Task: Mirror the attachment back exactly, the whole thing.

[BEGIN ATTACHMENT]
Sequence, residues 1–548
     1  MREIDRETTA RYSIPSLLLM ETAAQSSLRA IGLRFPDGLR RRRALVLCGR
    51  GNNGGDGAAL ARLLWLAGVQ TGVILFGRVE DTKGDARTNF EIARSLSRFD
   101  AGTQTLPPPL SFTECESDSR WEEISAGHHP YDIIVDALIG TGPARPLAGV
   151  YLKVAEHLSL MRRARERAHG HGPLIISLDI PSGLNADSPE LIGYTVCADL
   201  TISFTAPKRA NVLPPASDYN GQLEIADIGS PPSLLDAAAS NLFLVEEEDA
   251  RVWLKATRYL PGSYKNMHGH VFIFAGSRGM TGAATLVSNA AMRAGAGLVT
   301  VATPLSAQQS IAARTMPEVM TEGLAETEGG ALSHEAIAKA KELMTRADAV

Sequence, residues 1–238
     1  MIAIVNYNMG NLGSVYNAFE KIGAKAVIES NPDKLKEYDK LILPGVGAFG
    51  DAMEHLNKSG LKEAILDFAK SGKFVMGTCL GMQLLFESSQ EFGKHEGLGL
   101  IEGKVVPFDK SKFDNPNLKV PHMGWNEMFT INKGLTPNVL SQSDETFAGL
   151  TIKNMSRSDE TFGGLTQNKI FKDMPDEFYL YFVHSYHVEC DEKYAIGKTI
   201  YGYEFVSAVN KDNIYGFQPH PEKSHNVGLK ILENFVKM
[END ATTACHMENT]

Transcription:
Sequence, residues 1–548
     1  MREIDRETTA RYSIPSLLLM ETAAQSSLRA IGLRFPDGLR RRRALVLCGR
    51  GNNGGDGAAL ARLLWLAGVQ TGVILFGRVE DTKGDARTNF EIARSLSRFD
   101  AGTQTLPPPL SFTECESDSR WEEISAGHHP YDIIVDALIG TGPARPLAGV
   151  YLKVAEHLSL MRRARERAHG HGPLIISLDI PSGLNADSPE LIGYTVCADL
   201  TISFTAPKRA NVLPPASDYN GQLEIADIGS PPSLLDAAAS NLFLVEEEDA
   251  RVWLKATRYL PGSYKNMHGH VFIFAGSRGM TGAATLVSNA AMRAGAGLVT
   301  VATPLSAQQS IAARTMPEVM TEGLAETEGG ALSHEAIAKA KELMTRADAV

Sequence, residues 1–238
     1  MIAIVNYNMG NLGSVYNAFE KIGAKAVIES NPDKLKEYDK LILPGVGAFG
    51  DAMEHLNKSG LKEAILDFAK SGKFVMGTCL GMQLLFESSQ EFGKHEGLGL
   101  IEGKVVPFDK SKFDNPNLKV PHMGWNEMFT INKGLTPNVL SQSDETFAGL
   151  TIKNMSRSDE TFGGLTQNKI FKDMPDEFYL YFVHSYHVEC DEKYAIGKTI
   201  YGYEFVSAVN KDNIYGFQPH PEKSHNVGLK ILENFVKM